COMP 314 (Operating Systems) is a three-credit computing and information systems course that teaches students “the fundamental concepts, principles, and structures of operating systems.” COMP 314 has a prerequisite. Students should have completed COMP 206 (Introduction to Computer Programming in C++), COMP 268 (Introduction to Computer Programming in Java), or an equivalent university level programming course as a prerequisite. Prior to enrolling students should be familiar with the basic structure and hardware of a computer.
Operating Systems is comprised of five units, four assignments, and one final exam. The five units within this course cover topics such as basic machine components (CPU, RAM, storage), process management (processes, threads, CPU scheduling, deadlocks), storage management (main memory, virtual memory, file-system interface and implementation, mass-storage structure, input / output systems), protection, security, and virtual machines. Students should note that there are no programming questions within this course; it is entirely a writing course (tons of writing).
The first assignment, weighing ten percent, covers unit one and is split up into two parts. Part one has students answering twelve questions and each question should be about one hundred and fifty words. Part two of this assignment has students answering three questions that are one to two pages in length each. The second assignment, weighing ten percent, covers unit two and has students answering sixteen questions at one hundred and fifty words each. The third assignment, weighing ten percent, covers unit three and has students answering thirteen questions at one hundred and fifty words each. The fourth and last assignment, weighing fifteen percent, covers units one through five and is also split up into two parts. Part one has students answering five questions at one hundred and fifty words each and part two has students writing a ten to fifteen-page research project (which should be written in either conference paper format or journal format). The final exam is worth fifty-five percent and covers the topics discussed in the five units.
Dr. Mahmoud Abaza, the course coordinator and tutor for COMP 314, has been with Athabasca University for eighteen years. During these eighteen years he has tutored and/or coordinated COMP 314 (Operating Systems), COMP 315 (Closed), COMP 318 (Introduction to Game Design and Development), COMP 374 (Closed), and COMP 503 (Information Technology Hardware and Software).
Dr. Mahmoud Abaza recommends this course to “any student who had a basic knowledge on computers as well as a one high-level programming language.”
Abaza states, “This is a standard course on operating systems. We follow a course plan like any other university and that is why this course is transferred to most universities. Our main resource is the textbook: Operating System Concepts by A. Silberwchatz and P. Calvin. There are three assignments and a final exam. The final exam covers most of the material in the textbook.”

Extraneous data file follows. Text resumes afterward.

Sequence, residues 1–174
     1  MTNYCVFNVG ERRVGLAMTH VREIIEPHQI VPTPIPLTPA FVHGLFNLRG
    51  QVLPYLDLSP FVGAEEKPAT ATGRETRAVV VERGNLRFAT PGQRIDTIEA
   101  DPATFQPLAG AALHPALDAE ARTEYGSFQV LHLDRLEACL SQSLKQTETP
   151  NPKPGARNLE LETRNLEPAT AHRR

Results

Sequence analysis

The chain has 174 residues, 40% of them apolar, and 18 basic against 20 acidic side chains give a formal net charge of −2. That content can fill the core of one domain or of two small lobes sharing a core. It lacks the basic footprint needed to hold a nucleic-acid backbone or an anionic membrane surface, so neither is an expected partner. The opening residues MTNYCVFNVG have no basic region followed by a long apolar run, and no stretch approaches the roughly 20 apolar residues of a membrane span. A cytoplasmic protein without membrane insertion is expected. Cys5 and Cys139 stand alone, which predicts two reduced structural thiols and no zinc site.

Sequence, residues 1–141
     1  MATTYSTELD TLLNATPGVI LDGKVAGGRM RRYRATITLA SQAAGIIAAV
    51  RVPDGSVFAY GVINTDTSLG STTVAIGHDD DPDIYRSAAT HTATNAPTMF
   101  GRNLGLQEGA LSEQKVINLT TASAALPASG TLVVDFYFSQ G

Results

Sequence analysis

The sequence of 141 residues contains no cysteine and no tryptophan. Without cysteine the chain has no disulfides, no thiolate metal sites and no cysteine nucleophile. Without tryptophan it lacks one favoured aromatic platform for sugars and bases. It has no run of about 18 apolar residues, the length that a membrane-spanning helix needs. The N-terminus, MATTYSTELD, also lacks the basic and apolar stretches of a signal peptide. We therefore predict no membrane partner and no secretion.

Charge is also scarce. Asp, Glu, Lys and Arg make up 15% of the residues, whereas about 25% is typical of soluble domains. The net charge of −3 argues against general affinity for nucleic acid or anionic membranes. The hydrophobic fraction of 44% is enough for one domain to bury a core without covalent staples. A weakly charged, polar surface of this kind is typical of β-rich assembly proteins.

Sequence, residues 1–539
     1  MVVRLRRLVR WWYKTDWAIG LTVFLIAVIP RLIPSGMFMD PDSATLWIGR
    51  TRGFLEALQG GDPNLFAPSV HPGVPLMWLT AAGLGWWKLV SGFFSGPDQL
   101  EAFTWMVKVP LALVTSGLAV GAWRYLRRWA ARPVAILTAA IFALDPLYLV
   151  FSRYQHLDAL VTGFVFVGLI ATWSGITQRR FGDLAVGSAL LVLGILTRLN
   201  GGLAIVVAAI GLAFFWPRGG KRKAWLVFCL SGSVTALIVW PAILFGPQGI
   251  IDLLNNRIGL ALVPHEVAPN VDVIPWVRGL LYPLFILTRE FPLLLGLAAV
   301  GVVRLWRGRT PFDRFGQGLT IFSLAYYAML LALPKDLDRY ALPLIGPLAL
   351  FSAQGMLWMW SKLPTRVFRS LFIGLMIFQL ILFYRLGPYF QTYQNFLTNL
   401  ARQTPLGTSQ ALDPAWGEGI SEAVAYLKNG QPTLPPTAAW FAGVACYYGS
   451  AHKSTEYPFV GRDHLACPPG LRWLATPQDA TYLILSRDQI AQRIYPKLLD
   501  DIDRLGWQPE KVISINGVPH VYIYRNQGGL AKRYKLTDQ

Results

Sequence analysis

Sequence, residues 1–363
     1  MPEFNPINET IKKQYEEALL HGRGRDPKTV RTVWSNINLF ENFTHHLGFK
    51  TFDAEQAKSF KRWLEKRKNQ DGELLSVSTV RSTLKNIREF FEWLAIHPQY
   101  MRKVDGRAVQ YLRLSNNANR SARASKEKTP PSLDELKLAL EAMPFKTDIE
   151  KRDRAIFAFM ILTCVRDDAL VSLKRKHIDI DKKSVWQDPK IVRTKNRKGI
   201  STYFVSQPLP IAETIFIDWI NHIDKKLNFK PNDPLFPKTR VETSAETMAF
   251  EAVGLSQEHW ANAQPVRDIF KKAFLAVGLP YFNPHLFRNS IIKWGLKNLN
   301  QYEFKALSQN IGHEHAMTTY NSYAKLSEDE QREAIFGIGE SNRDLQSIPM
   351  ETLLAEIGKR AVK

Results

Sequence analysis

He continues, “Students should solve all exercises that appear in the textbook while you are reading the text. If you happen to know another person who is taking the course, whether on the forum or otherwise, it is good to discuss material with.”
Last, he states “The main benefit of COMP 314 is to learn the structure of computers as well as the internals of operating systems.”
From personally being enrolled in this course (unfortunately it is a core degree requirement), I can tell you that it is a lot of work. The first three assignments are very lengthy and time consuming, and that is not even considering the final assignment that has a ten to fifteen-page research paper! To reiterate, this course has no programming component; it is a writing course. It requires you to explain, compare, illustrate, and define key terms discussed in the textbook and paraphrase those key terms into one hundred and fifty-word paragraphs. Some of the terms in the textbook did not even provide enough detail to write one hundred and fifty words so I had to rely on Google to answer some of the questions. This course has more writing than some of the English courses that I have taken. I also found it a bit strange that all this work does not even equal to fifty percent of your final grade (the final exam is worth fifty-five percent). Ultimately, this is not a course that you want to procrastinate on and not a course that I would recommend unless it’s required by your degree or the topics that are discussed are something that you are extremely interested in.